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Desparate Housewives support for Lung Cancer!!


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Event helps shed light on lung cancer, stigma

By Susan Abram, Staff Writer

Article Last Updated: 11/10/2007 12:10:19 AM PST

Kathryn Joosten attends the 20th Annual Ribbon Of Hope... Kathryn Joosten jokes that the color of the ribbon for lung-cancer support should be ash gray.

There's the disease's smoking stigma, little awareness about it and not much funding for research.

Besides, the 67-year-old "Desperate Housewives" actress said, there's no other color left for supporting a cause.

But in the end, that's really no laughing matter, Joosten said.

"It seems as though that breast cancer got more of the goodies" in terms of attention and funding, said Joosten, who plays nosy neighbor Karen McCluskey on the ABC hit show.

"When you talk about supporting lung cancer (research), basically you're selling death."

Joosten will help kick off the Free To Breathe Lung Cancer 8K and 5K run Sunday at Lake Balboa Park in Encino. The race serves as the official warm-up for the Los Angeles Marathon in March. But it also will cast awareness on a disease seldom discussed.

More people die from lung cancer than any other type of cancer, according to the federal Centers for Disease Control and Prevention.

Almost 90,000 men and more than 68,000 women died from lung cancer in 2003, the last year for which data are available, according to the agency. That same year, more than 105,000 men and nearly 85,000 women were diagnosed with the disease.

Joosten was diagnosed with the disease but has been cancer-free for six years. A heavy smoker when she found out she had it, she knew the judgments were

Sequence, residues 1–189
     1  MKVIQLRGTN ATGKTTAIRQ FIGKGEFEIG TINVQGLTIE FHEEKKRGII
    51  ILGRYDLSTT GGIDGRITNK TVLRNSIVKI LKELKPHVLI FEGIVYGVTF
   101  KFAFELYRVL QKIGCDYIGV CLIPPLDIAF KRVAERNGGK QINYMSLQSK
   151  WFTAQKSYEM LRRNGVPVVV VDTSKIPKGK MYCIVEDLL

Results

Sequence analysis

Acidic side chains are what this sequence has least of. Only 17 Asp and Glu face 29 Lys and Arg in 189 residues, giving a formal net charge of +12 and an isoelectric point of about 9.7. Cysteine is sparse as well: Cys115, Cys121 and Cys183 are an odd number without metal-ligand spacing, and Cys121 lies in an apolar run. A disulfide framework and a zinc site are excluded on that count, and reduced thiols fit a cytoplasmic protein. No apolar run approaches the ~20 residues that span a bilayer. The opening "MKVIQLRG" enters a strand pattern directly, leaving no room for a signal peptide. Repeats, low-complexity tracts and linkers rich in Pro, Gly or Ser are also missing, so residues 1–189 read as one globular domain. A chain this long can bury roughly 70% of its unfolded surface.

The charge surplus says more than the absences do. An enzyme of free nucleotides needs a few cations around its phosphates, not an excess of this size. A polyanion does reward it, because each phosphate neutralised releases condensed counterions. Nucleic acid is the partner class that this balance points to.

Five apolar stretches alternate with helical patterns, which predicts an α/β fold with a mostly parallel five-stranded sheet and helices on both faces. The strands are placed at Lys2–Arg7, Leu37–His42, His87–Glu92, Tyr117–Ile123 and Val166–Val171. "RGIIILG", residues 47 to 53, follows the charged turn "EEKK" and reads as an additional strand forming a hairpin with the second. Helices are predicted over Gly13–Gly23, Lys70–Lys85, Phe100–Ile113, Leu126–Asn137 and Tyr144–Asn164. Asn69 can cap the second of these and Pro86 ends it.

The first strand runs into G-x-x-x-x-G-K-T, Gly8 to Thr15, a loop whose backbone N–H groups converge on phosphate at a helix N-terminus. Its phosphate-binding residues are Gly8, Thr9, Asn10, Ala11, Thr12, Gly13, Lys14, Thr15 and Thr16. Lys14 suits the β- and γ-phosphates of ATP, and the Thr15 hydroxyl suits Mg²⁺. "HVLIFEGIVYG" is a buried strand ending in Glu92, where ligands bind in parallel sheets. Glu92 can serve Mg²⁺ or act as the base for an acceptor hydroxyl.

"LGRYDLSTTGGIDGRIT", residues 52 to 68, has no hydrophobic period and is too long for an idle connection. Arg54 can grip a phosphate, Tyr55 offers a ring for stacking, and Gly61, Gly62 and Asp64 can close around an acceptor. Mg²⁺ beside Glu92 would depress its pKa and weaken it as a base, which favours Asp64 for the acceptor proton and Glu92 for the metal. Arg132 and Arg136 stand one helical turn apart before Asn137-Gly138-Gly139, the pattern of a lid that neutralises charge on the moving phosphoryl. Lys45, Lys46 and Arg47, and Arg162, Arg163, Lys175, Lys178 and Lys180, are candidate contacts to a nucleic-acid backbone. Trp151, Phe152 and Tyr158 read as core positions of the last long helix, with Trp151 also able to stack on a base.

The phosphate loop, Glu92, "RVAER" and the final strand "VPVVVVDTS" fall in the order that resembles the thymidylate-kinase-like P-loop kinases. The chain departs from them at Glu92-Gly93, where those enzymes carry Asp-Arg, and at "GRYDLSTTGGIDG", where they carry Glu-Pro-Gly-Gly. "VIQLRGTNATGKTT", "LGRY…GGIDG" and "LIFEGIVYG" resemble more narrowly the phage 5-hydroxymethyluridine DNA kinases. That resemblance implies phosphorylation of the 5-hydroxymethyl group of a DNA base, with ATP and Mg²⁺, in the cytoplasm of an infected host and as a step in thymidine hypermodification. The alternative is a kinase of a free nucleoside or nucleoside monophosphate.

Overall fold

"It's very hard for people to come out of the lung-cancer closet," she said. "I played that game for several years. I was afraid I wasn't going to get hired. It's like people are saying, `How much did she smoke?' It's like they are saying, `You kind of did it to yourself."'

But when Dana Reeve, widow of actor Christopher Reeve, died last year of lung cancer at 44, her death cast a light on nonsmokers and the disease and raised questions about how it could have happened.

"There isn't a lot of awareness about lung cancer in general," said Regina Vidaver, executive director for the National Lung Cancer Partnership. "Women don't know it's a top cancer killer."

In fact, lung-cancer death rates for American women are among the highest in the world, according to the CDC.

"The vast majority of lung cancers are in smokers," said Dr. Jeffrey Kupperman, a volunteer physician with the American Lung Association of California.

"The reason why women are having higher incidents is twofold: More and more women are smoking. The number of women smoking is rising and the number of men who don't are falling."

Kupperman said doctors are not in the habit of thinking about lung disease when it comes to women because it is more associated with men.

"A very small number of lung cancers do develop in nonsmokers," Kupperman said, but there is little information as to why. "Unfortunately, there's no readily available test."

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